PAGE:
Too many 2-income whiners

Amy Dacyczyn

February 18, 1993|By Amy Dacyczyn

FOR the last decade or so, we've heard a common complaint: "Families just can't survive on one income anymore."

Actually, it's more of a whine.

When I've pressed the whiners about lifestyle changes they might make to enable them to live on one income, they have been shocked.

Measures such as eating less meat, saying no to teen-agers who want expensive sneakers and using cloth diapers instead of disposables have been seen as too extreme to consider.

When I was discussing my frugal lifestyle on the "Donahue" show recently and suggested using a grater to scrape the burned bottom off a cookie, the audience let loose a collective "eeeew!" as if such heroic measures to save a measly cookie were disgusting.

Whiners so incensed me that, when I got married in 1982, my husband Jim and I set out to prove them wrong. And we did.

In the first seven years of our marriage, on Jim's income of less than $30,000 a year on average, we saved $49,000. We spent an additional $38,000 on such investments as two new cars, furniture and major appliances.

Before plunking down our nest egg to buy a $125,000 farmhouse on seven acres, we were debt free. Had we had less income, we still could have done well. We would have purchased a smaller home, bought used appliances and cars and looked to make deeper cuts.

What does this mean? It means we have a choice. Living on one modest income is absolutely possible, especially if a couple plans for it from the beginning of the marriage (forgoing the pre-kid, goof-off, one-last-fling, max-out-the-Visa period).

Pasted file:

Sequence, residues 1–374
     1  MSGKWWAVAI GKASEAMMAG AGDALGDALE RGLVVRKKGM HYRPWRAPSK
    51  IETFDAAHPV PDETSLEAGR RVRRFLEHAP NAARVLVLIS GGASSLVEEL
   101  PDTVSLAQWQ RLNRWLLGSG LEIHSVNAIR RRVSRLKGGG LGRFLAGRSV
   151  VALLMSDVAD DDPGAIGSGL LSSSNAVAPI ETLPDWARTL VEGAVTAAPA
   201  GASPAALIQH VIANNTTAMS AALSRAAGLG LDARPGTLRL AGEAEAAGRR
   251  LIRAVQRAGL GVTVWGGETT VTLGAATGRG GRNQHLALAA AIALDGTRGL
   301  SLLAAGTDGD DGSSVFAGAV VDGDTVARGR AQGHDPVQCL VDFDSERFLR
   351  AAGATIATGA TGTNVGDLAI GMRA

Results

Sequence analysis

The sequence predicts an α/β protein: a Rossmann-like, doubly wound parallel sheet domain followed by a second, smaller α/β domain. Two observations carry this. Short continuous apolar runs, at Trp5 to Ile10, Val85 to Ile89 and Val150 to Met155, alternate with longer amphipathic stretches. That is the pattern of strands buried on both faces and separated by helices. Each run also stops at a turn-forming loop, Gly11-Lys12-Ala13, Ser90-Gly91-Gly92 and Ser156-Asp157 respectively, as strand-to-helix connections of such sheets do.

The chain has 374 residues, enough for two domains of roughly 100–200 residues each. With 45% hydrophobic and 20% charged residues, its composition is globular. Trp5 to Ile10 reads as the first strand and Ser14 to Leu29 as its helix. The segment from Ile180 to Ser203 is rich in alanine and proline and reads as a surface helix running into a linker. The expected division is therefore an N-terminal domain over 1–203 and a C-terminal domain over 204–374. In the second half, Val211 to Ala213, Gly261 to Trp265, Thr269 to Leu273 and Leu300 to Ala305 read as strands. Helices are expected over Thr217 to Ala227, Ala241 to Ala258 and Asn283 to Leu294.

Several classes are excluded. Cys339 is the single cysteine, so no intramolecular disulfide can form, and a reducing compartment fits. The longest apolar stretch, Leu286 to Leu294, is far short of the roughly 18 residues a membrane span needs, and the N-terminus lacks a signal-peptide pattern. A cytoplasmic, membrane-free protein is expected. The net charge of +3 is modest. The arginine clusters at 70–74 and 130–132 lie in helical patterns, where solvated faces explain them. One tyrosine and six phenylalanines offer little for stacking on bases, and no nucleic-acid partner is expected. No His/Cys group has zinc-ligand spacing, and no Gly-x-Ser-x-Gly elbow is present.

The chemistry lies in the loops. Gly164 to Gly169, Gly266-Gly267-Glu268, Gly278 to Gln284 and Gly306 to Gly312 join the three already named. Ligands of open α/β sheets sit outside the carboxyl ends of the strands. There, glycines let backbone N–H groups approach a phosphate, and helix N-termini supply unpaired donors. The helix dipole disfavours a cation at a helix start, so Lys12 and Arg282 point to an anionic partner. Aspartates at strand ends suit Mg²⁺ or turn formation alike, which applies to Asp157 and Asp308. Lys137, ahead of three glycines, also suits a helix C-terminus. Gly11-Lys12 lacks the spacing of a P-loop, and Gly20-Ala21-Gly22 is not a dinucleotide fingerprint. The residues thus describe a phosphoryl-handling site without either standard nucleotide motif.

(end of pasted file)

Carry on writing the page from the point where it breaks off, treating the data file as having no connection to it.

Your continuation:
I've heard from many couples who have decided to go from two wage earners to one. They report that not only has their family life improved, but that they have come out ahead financially as well. Although they take home less, they manage what they have better.

As I did budget analyses for them, in a few cases it was evident that going from two incomes to one might be arduous, given the couple's lack of planning and debts they had acquired. (In rare cases, the health benefits that came with the second income were necessary because of pre-existing medical conditions.)

People who are just scraping by on two incomes frequently doubt they could manage on less. I suggest that they do a little math.

The second, or smaller, income is taxed at a higher rate if the combined income moves them into a higher tax bracket.

To calculate this, figure the taxes on the larger income and then on two incomes, then subtract the difference from the smaller income.

Then calculate the second wage-earner's costs of going to work: child care, transportation and wardrobe, for example, and lTC subtract that from what's left of the smaller income. Doing this can shrink the second income dramatically, by as much as two-thirds or more.

So how does a couple make up for the few thousand they would lose? It's easier than they think.

Without too much pain most families could get their $500 monthly food bill down to $250, for example, saving $3,000 a year. (We feed our family of eight for $170 a month.)

Several thousand dollars more could be found by economizing on entertainment, clothing, gift-giving and household items. Families might also be able to move to cheaper parts of the country, drive older cars and skip the expensive vacations. So to a large extent the second income is a choice. And I think it's a good choice for some families, especially when both spouses love their jobs and dislike domestic tasks.

If this is your choice, that's fine. But some people slog along in jobs they hate because, frankly, they are just plain unwilling to give up their expensive lifestyles.

If this is your choice, that's fine too. But just don't whine about it.

Amy Dacyczyn is author of "The Tightwad Gazette" and publisher of a newsletter with the same name.

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